For many people their pension will form one of the biggest personal assets they own. It’s therefore important to consider how your pension can be securely passed on to your loved ones when you die. Unlike your other personal assets, your pension sits outside of your estate. It therefore will not be distributed in accordance with the wishes stated in your Will and needs to be treated as a separate entity. The positive of this is that your pension savings are not bound to inheritance tax and are, therefore, a tax-efficient option when it comes to intergenerational planning.

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How can I ensure my pension is passed to my family?

Nomination of Beneficiary

To ensure your pensions are passed on to your loved ones in accordance with your wishes, you will need to complete a Nomination of Beneficiary form with your pension provider. This form allows you to distribute your pension to one or a number of beneficiaries. For example, you may split your pension with 50% going to your spouse and 25% to two children. It is important to keep your Nomination of Beneficiary up-to-date, so any changes to your situation or family are accounted for.

Distributing your pension to non-dependents

Before the recent pension changes, you could only pass on your pension to a dependent, such as your spouse or child, but you can now choose anyone to be a beneficiary. This is particularly useful from an intergenerational planning perspective. For example, you could choose to leave your pension savings to your grandchildren or distribute it among your loved ones.

Reviewing your pension beneficiaries

It’s a good idea to check your pension beneficiaries each time you update your Will. It is also helpful to keep the contact details of your beneficiaries up-to-date with your provider to make the process of distributing your pension as seamless as possible.

How you take your pension

How you choose to take your pension will impact if it can be passed on to your family. In broad terms, the current pension rules apply to those who have kept their money invested or are in income drawdown. With an annuity, you can nominate a beneficiary and pass on the income as long as it is on a joint life basis or if it has a guarantee period.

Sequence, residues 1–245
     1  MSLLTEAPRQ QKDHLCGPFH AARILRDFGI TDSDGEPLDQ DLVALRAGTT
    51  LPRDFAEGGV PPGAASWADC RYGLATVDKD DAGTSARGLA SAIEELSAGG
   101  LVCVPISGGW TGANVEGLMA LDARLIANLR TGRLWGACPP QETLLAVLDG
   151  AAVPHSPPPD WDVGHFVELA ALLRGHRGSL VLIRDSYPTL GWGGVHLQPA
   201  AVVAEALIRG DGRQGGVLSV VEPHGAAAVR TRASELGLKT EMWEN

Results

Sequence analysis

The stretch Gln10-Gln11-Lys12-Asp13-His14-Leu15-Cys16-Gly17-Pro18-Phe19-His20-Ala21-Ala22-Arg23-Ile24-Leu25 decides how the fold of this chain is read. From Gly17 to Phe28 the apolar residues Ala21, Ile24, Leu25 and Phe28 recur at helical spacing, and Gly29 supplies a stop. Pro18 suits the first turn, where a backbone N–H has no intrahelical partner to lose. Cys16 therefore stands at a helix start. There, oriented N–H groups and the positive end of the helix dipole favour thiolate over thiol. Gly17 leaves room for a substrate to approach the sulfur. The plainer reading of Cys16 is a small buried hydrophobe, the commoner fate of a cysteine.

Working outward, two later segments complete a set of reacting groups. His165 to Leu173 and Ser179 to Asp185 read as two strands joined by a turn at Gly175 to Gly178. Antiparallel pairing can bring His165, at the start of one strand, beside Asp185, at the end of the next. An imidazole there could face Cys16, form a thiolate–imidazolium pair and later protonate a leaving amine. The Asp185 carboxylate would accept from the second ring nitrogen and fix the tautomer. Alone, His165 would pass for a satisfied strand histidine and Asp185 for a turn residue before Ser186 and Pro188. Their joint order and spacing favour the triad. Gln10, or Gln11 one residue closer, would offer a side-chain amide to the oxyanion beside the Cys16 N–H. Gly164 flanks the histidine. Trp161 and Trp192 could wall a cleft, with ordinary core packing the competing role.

Checking pension performance

Regularly reviewing the performance of your pension fund will help you ensure you pass on the greatest amount of savings possible. Working with a financial adviser will enable you to plan how much you are likely to need during your retirement while protecting your pension assets alongside your intergenerational planning aims.

What are the tax implications of passing on my pension?

Although pensions are not counted as part of your estate for inheritance tax purposes, until recently there was a 55% pensions ‘death tax’, which has now been scrapped. This means if you leave your remaining pension pot to your family or other beneficiaries, the most they will pay is their own rate of income tax and, in some circumstances, they won’t have to pay any tax at all. This makes your pension savings one of the most tax-efficient investment vehicles when it comes to intergenerational planning.

The tax implication of your pension for your beneficiaries is affected by the age when you die:

  • If you die before the age of 75 your beneficiaries will inherit your fund completely tax-free.
  • If you die after the age of 75 the recipient will pay income tax on any withdrawals they make.

It is also important to note that a defined benefit or final salary scheme, annuity and the State Pension do not operate in the same way. It is best to speak to a financial adviser about how these types of schemes may form part of your intergenerational planning strategy.

Get in touch

Planning your pension savings in line with your aims for intergenerational wealth can be complicated. A financial adviser can help you to decide if your pension fits with the financial aims of you and your family and take you through the most appropriate options.

PLEASE NOTE: Grosvenor Wealth Management Ltd is authorised and regulated by the Financial Conduct Authority. Estate planning is not regulated by the Financial Conduct Authority. The value of investment can go down as well as up and you may not get back the original amount you invested. Tax treatment is dependent on individual circumstances and may be subject to change. Tax planning is not regulated by the Financial Conduct Authority.


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